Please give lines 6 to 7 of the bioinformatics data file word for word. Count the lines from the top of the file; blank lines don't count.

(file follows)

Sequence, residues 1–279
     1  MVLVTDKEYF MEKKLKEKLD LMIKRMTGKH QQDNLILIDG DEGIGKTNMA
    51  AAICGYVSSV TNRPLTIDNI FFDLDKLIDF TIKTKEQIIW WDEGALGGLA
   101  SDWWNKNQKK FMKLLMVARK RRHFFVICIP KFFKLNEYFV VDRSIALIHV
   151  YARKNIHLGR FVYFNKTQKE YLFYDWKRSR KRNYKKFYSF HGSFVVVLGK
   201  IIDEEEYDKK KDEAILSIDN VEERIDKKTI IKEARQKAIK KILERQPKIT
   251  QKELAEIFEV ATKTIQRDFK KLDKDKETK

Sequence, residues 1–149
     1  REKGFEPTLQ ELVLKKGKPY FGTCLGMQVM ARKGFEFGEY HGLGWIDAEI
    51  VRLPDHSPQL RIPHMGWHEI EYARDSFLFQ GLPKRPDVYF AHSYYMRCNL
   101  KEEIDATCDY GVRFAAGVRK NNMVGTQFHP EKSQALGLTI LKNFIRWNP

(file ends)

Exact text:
   201  IIDEEEYDKK KDEAILSIDN VEERIDKKTI IKEARQKAIK KILERQPKIT
   251  QKELAEIFEV ATKTIQRDFK KLDKDKETK